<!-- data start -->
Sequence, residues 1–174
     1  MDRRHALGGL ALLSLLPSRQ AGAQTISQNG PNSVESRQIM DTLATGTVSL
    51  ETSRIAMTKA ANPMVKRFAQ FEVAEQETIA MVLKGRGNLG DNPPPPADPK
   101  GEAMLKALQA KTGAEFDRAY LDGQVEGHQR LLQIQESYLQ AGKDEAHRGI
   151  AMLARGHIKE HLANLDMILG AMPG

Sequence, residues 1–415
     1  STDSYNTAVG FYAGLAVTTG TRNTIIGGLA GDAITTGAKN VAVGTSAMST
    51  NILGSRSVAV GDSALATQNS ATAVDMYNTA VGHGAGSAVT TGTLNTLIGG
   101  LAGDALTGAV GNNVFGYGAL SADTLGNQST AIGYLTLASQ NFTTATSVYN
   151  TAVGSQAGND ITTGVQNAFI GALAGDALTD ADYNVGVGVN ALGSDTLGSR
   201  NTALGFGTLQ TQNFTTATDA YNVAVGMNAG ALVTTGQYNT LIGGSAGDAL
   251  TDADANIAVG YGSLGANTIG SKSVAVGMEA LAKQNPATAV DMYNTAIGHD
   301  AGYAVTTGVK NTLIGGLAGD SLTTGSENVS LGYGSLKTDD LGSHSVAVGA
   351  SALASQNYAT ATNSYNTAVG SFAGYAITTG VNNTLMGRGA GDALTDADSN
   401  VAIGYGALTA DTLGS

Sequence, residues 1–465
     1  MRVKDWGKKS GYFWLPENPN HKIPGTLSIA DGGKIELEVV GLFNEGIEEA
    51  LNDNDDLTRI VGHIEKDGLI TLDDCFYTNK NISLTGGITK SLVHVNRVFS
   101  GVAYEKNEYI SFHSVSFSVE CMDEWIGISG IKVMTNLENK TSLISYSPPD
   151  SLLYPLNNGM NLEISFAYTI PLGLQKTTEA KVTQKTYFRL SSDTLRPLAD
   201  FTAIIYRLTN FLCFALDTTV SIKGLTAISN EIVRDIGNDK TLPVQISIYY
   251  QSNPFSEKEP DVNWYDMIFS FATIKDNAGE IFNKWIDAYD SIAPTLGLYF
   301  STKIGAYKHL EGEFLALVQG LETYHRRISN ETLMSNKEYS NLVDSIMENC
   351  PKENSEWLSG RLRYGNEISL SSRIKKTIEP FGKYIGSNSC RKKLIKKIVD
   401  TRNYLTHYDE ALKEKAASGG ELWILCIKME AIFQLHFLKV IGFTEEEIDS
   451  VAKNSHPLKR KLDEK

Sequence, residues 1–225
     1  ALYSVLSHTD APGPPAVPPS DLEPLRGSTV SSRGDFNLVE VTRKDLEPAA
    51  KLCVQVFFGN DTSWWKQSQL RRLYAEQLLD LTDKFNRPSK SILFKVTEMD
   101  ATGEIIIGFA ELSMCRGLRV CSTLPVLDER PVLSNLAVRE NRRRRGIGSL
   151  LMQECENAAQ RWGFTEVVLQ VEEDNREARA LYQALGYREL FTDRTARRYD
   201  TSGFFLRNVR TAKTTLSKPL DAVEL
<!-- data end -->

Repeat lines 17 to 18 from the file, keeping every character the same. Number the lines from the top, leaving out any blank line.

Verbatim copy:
     1  MRVKDWGKKS GYFWLPENPN HKIPGTLSIA DGGKIELEVV GLFNEGIEEA
    51  LNDNDDLTRI VGHIEKDGLI TLDDCFYTNK NISLTGGITK SLVHVNRVFS